t y l e r    c a i n    l a c y



"...the floods of paint in whose crashing surf we all scramble."

                                 James Schuyler

Room 206. The first appearance of El Greco. St. Francis Kneeling in Meditation, 1595/60. In the top right corner of the painting is a boogie-man cloud: oval eyes, square nose-hole, O mouth, ashy silhouette. An immediate background of dark nothing outlines the kneeling St. Francis. It's like standing in front of a Sasquatch you didn't know was there. A fuzzy brown cloud. His arms make an X over his heart, and you think about how in Spanish to say this would mean "his arms" would not belong to him, "his heart" would not be possessive, but "the arms" and "the heart." Is this the accessibility of the painting? At the crossroads of this X is a tip-of-the-finger dot on his palm. The stigmata, a wound at eye-level when you walk up. It sticks out just barely like a scab in its final stages of healing, which makes you want to scratch it. Shiny and perfect pink-white like one of those St. Valentine's Day chalk heart candies, bringing you in for its scrawling, its tiny love letter to anyone. The hand the heart rests under is withered into what most of us think of as the "West Side" gang symbol's wingspan, disregarding whatever their actual symbol is, made with one hand forced into a W shape, and this is what you love about El Greco. His hands are always in uncomfortable, overreached, and unnatural shapes humans nonetheless find their hands in from time to time.

Day 2. Sprung. You give up on the line for the bathroom and pee outside, between a bush and a concrete divider. Who's in charge of making the bathrooms of the Art Institute look like museum bathrooms? How could this person resist the urge to produce some sort of homage to Duchamp's toilet in the line of urinals? You know nothing about art.

You are missing the thrush and lull of your life before coming to Chicago—your more exotic or romantic or ideal situation—and most of this has come upon you since reading a novel about a young poet abroad, wondering. One way of handling these feelings is to come downtown where you still feel like a tourist, like you haven't lived in a city you're unsure of for the past two years. Whirling traffic, pigeons and fanny-packs galore. Flash. Surprisingly, coming down here doesn't stress you out, but makes you more alive in the city, seeing a lion in the wild as opposed to behind bars in a zoo.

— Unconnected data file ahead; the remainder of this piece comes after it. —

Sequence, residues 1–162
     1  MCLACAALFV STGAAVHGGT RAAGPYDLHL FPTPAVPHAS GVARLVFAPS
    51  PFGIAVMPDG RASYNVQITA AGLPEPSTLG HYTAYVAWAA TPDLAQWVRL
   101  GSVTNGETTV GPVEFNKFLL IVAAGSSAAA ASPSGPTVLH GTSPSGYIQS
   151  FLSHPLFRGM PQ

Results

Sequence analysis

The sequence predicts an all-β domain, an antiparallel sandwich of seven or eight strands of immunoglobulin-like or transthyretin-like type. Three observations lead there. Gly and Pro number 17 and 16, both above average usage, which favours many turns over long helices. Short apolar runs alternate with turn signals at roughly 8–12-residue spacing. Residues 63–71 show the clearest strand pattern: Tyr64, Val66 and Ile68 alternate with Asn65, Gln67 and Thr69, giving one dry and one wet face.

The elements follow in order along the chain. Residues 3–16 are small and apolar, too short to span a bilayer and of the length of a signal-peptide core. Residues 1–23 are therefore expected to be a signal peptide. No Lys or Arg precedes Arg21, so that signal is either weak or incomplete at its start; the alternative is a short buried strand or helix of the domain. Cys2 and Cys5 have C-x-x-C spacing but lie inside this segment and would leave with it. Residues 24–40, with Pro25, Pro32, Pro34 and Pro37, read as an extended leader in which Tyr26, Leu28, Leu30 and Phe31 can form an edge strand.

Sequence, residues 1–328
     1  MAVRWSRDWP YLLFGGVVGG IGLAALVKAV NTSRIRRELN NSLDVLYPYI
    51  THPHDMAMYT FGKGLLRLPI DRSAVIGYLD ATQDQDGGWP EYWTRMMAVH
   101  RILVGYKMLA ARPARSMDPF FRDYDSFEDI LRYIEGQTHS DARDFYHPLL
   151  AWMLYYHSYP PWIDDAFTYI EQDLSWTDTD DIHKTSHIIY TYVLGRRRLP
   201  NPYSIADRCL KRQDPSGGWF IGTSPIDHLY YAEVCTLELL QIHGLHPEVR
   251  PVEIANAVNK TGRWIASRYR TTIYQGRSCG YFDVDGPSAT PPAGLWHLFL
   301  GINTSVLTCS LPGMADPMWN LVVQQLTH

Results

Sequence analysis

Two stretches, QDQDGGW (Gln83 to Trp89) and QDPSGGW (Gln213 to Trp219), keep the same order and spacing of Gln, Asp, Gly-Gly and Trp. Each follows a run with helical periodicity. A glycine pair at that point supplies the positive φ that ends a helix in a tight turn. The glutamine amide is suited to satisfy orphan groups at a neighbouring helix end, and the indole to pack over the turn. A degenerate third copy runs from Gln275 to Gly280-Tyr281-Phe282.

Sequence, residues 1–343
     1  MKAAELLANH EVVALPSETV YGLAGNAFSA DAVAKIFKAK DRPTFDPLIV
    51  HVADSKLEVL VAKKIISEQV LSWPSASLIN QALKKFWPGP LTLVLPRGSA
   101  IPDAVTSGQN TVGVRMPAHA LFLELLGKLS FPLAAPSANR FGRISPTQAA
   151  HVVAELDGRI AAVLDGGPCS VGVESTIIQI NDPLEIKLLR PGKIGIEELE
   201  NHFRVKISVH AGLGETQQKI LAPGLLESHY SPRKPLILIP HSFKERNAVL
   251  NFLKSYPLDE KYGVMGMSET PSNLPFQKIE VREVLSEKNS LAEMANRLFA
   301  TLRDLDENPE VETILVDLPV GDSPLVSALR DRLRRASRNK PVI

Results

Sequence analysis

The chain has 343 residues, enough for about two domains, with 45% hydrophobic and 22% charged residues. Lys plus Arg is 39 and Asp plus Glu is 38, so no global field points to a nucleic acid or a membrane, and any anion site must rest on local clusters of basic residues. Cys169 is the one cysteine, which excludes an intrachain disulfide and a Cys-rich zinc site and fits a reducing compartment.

You have answered the call of the downtown jawline from which, to which, everything goes—Wisconsin soccer moms, bored suburban dads, broken cameras, Nike Saucony New Balance shuffle, European tourists who arrive already knowing they're better than the place they're going. Go straight to the lion and speak into its mouth.

You tried to come yesterday, but arrived a minute before they closed. This is Day 2.

On Day 1, you give the security guard your ticket and make a loop around an ancient Greek torso, and go out the same way you come in. As you pass through the entry/exit gate, the guard says, "A whopping whole minute, huh?" without even looking at you, and you say, "Yes."

The garden is still open, so you sit down in the middle of an otherwise unoccupied 12 ft.-long bench, across from where two (high?) bros are doing yoga while smoking cigarettes, and you light one too, in the middle of the bench, half-looking at them.

Then they come over, ask if you have a lighter.

"Can we sit next to you?"

"Sure, it's a long bench."

"No, but, like, really close to you."


A minute of silence passes, then you break it. "I like to come downtown because it never feels like I live here."

"Yeah, it's crazy down here, but this is a nice hideout," one says, staring up at the trees and clouds. The other is doing stretches with his butt gyrating in front of your face.

"Yeah, it is."

"Any particular reason you're on this bench?" the taller one asks, adjusting his unseasonably warm wool socks poking out over his clean white Jordans.

"No, I got here late and the museum closed on me."

"There are a lot of nice benches in this garden." Your eyes finally meet his.

"It's a big garden in a big city."

The other one stops stretching and re-lights his dead cigarette. "Smoking fire never gets old, does it?"

"I like to have one every once in a while."

"You wanna roll me one?" the wool sock one asks.

"Sorry, I only brought this one down with me," which is true.

He continues staring at you in silence, like the question came from his eyes.

Another minute passes before he breaks it. "I'm gonna climb this tree." The other one, done with his cigarette, walks out to Michigan Avenue. You finish your cigarette and sit there, in the middle of the bench, while he looks down at you, staring like you intended to stare at El Greco's grotesque figures, or Pollock's splattered paint-talks.

You hold firm, trying to appear unbothered, for a few minutes in silence, then get up and leave because a group of Asian tourists ask you to take their picture.

"Just touch the screen."

You wanted so badly to be in their picture.

Now that you are freed from those dudes' gaze and ready to roam, you walk around the garden and around the building, noting its dull corners and seemingly old bricks. It's a big faux-ancient Greek building built for the World's Fair in the late 1890s with names of dead dudes—writers, artists, etc.—engraved everywhere. You think of some writer, who likewise wonders what if those names were just the names of one's friends, or today's celebrities. Then you go home.

That was Day 1. Back to Day 2—your girlfriend doesn't understand why you're here. You send her a text while she's at yoga cleaning or running errands. "Back by 5:30. El Greco and I have some catching up to do."